In Sunday's New York Times Magazine, "Consumed" columnist Rob Walker (author of the excellent Buying In: A Secret Dialogue between What We Buy and Who We Are) looks at the work of Design 99, a Detroit-based creative duo using art to transform space in the troubled city.
Two years ago, the husband-and-wife team purchased a house in East Detroit (for $1,900!), which they equipped with solar panels and painted in fun pastel stripes. They dubbed it the Power House Project, and with others began acquiring and restoring other abandoned homes nearby. Recently the couple purchased a Bobcat, which they painted like the house and named the Neighbourhood Machine. “Part moving sculpture, part functional tool,” it is used as a visually powerful tool for cooperative tasks like community gardening and clearing debris.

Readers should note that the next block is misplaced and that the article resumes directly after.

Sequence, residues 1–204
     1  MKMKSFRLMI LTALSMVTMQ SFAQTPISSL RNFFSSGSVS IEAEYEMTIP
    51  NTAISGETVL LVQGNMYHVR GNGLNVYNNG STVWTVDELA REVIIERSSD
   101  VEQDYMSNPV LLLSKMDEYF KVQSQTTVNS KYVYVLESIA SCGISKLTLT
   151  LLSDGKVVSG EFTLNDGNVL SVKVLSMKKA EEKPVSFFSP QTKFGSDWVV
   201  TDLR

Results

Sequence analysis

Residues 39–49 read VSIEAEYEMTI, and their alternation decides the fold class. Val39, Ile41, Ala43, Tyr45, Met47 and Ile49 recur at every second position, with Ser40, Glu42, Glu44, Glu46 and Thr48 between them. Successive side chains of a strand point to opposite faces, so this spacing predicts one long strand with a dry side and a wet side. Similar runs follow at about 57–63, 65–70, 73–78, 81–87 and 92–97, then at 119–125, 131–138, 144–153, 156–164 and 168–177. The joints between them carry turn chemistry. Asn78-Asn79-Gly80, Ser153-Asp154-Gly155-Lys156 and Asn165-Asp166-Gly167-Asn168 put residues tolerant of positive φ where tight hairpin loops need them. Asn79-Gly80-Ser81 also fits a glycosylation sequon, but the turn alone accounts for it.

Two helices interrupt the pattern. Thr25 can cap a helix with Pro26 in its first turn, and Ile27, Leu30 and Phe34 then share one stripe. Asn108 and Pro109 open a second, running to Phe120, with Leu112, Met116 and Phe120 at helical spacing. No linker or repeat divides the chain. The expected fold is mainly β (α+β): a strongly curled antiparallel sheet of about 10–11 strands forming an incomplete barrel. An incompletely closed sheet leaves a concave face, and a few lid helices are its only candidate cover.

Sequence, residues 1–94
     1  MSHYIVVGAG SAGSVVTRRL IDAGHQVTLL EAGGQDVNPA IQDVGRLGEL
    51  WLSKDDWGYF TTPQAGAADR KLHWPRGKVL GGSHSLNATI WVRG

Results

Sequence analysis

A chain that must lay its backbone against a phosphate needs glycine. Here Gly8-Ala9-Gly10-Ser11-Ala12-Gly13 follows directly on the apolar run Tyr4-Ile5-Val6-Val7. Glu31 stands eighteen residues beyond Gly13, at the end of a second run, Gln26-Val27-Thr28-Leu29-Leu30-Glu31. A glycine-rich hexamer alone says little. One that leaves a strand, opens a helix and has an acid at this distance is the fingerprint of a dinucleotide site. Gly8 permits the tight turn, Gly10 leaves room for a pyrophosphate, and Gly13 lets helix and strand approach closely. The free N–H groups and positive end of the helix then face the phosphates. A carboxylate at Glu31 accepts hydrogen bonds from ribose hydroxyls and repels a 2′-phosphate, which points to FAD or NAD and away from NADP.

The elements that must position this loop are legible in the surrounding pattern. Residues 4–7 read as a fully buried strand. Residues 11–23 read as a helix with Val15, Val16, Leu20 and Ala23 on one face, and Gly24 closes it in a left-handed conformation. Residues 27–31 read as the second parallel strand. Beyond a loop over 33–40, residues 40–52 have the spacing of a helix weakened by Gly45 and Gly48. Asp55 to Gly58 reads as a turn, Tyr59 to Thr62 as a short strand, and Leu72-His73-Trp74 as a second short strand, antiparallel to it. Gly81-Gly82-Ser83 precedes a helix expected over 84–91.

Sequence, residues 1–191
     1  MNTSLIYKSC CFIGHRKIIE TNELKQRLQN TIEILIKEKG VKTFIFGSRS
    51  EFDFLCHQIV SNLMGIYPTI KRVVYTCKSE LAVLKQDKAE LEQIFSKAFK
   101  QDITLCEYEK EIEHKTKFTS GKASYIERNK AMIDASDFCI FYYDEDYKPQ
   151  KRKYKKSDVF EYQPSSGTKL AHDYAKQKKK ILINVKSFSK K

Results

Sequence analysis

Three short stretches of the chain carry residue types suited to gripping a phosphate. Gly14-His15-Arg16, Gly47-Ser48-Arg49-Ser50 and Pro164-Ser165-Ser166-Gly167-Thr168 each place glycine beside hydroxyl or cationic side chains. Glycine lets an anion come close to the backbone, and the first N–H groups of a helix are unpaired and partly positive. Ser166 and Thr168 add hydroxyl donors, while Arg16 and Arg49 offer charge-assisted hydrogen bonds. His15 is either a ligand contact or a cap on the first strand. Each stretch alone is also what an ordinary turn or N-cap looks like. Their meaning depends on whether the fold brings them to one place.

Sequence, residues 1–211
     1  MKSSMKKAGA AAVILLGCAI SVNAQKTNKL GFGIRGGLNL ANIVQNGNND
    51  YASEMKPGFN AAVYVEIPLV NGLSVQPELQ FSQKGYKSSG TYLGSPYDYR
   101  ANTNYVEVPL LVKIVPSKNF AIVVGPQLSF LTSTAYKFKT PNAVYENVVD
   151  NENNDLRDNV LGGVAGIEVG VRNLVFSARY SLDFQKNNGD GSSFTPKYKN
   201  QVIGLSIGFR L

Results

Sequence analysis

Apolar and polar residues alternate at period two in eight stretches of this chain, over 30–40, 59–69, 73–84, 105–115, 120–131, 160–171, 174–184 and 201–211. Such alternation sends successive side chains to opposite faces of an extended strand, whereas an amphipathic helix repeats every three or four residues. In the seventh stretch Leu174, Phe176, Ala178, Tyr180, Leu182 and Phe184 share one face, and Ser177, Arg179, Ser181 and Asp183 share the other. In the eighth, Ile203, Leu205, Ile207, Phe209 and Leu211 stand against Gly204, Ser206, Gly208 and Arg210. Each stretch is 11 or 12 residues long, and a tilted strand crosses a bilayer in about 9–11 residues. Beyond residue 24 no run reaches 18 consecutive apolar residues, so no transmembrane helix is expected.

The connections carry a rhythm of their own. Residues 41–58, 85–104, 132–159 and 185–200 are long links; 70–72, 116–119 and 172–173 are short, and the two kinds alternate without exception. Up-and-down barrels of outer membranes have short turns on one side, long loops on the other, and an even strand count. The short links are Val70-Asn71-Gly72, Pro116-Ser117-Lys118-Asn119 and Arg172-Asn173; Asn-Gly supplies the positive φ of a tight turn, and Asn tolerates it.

Writes Walker, "[H]ere is something new, practical and aesthetically pleasing that could start a conversation about the visual language of unused property — not just in one city but all over the place.
We couldn't agree more.
“Too Much of a Good Thing,” a show of Design 99's recent work, is currently on exhibit at MOCA Detroit.
Read Walker's article here.